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• • • • N ot e s Introduction 1. Kirby, “The American Civil War.” 2. Higginson, Army Life in a Black Regiment, 5. 3. Smith and Baker, eds., Burning Rails as We Pleased, 69. 4. Speer, Voices from Cemetery Hill, 96. This is a reference to American shad (Alosa sapidissima ). 5. Hammer, Frederic Augustus James’s Civil War Diary, 42–43. Broomsedge bluestem (Andropogon virginicus) and closely related species were used to make brooms. 6. Franklin, The Diary of James T. Ayers, 72. 7. Fehrenbacher, Abraham Lincoln: Speeches and Writings, 1859–1865, 346. Elderberries (Sambucus spp.) have pithy stems that are easily hollowed and fashioned into popgun and water -squirt toys. The Civil War Setting 1. Williams, Americans and Their Forests, 3. 2. Ibid., 119–20. 3. Cowdrey, This Land, This South, 93. 4. Earley, Looking for Longleaf, 83. 5. Williams, Americans and Their Forests, 158. 6. Whitney, From Coastal Wilderness to Fruited Plain, 147. 7. Peabody, Aesthetic Papers, 231. 8. National Park Service, Historical Land Cover/Use Classification of Pea Ridge National Military Park. 9. Goodwin, “Big Game Animals in the Northeastern United States.” 10. Gabrielson, Wildlife Management, 56–62. 201 202 Notes to Pages 8–21 11. U.S. Bureau of the Census. 12. U.S. Census Data, “Population of the United States—1860.” Part I: Flora Introduction 1. Adams, Doctors in Blue, 39. 2. Garrison and Garrison, The Encyclopedia of Civil War Usage, 249. 3. Moore, “Standard Supply Table of the Indigenous Remedies for Field Service and the Sick in General Hospitals,” 1–7. 4. Cunningham, Doctors in Gray, 147–48. 5. Moseley, The Stilwell Letters, 165. The young, tender greens of American pokeweed (Phytolacca americana) were often eaten. 6. Silver, A Life for the Confederacy, 76. Black haw is the common name for the small tree or shrub known scientifically as Viburnum prunifolium. 7. Runge, Four Years in the Confederate Artillery, 66. 8. Anderson, Brokenburn, 318. The candles were likely made from prickly pear (Opuntia sp.), a common cactus of east Texas. 9. Grimsley and Miller, The Union Must Stand, 79. 10. Westervelt and Palladino, Diary of a Yankee Engineer, 219. 11. Furry, The Preacher’s Tale, 64. 12. Sauers, The Civil War Journal of Colonel William J. Bolton, 199. 13. Burlingame and Ettlinger, Inside Lincoln’s White House, 177. Ash 1. Allen, Trees, Shrubs, and Woody Vines of Louisiana, 102. 2. Harrar and Harrar, Guide to Southern Trees, 623–24; Sargent, Manual of the Trees of North America, 842; Thomas, 100 Woody Plants of North Louisiana, 164. 3. Allen, Trees, Shrubs, and Woody Vines of Louisiana, 103–104. 4. Porcher, Resources of the Southern Fields and Forests, Medical, Economical, and Agricultural, 494. Hereafter cited as “Porcher.” 5. Jackson, Some of the Boys, 22. 6. Taylor, Reluctant Rebel, 63. 7. Allen, Trees, Shrubs, and Woody Vines of Louisiana, 66. 8. “Wadley Diary,” 209. Ba ldcypr ess 1. Irion et al., Remote Sensing Investigations of Civil War Era Shipwrecks in the Vicinity of Fort St. Philip, Plaquemines Parish, Louisiana, 1. 2. Moore, Andrew Brown and Cypress Lumbering in the Old Southwest, 153, 156. 3. Heidler, Heidler, and Coles, Encyclopedia of the American Civil War, 1412.   Notes to Pages 21–27 203 4. Porcher, 509. 5. “Wadley Diary,” 89–90. 6. Angle, Three Years in the Army of the Cumberland, 328. 7. Grimsley and Miller, The Union Must Stand, 82. 8. “Wadley Diary,” Vol. 2, 81. 9. Clark, Downing’s Civil War Diary, 137. 10. Sears, For Country, Cause & Leader, 210. 11. Larimer, Love and Valor, 70. 12. Grimsley and Miller, The Union Must Stand, 219. 13. Texas Confederate Military Organizations. Beech 1. Porcher, 236. 2. Allen, Trees, Shrubs, and Woody Vines of Louisiana, 98; Porcher, 235. 3. Garrison and Garrison, The Encyclopedia of Civil War Usage, 217; Harrar and Harrar, Guide to Southern Trees, 166; Sargent, Manual of the Trees of North America, 229; Porcher, 235. 4. Porcher, 237. 5. Andersen, The Civil War Diary of Allen Morgan Geer, 20th Regiment Illinois Volunteers,­138–39. 6. Coe, Mine Eyes Have Seen the Glory, 28. 7. Davis, Diary of a Confederate Soldier, 73. 8. Cutrer and Parrish, Brothers in Gray, 22–23. 9. Sears, On Campaign with the Army of the Potomac, 67. 10. Larimer, Love and Valor, 63. 11. Wiley, This Infernal War, 152. Black ber ry 1. Rankin, Diary of a Christian Soldier 2. Sherman, Memoirs of General William T. Sherman, 392. 3. Porcher, 141–44. 4. Quaife, From the Cannon’s Mouth, 242. 5. Swedberg, Three Years with...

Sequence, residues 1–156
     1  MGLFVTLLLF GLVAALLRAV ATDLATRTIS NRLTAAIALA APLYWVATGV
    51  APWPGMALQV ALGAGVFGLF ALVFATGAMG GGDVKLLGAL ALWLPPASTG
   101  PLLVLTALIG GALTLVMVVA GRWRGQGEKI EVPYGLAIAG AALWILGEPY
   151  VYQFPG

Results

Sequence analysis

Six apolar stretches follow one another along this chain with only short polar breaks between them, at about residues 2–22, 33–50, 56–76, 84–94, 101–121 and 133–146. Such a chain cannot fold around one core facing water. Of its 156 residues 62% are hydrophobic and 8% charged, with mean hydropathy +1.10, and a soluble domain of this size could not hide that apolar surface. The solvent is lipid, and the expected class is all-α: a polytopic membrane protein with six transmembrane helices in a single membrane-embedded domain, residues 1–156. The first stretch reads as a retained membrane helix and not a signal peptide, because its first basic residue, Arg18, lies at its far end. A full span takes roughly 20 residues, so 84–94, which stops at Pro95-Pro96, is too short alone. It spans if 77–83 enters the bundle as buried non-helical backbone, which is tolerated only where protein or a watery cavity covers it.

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Additional Information

ISBN
9780807137994
Related ISBN
9780807136881
MARC Record
OCLC
680039323
Pages
280
Launched on MUSE
2013-01-01
Language
English
Open Access
No
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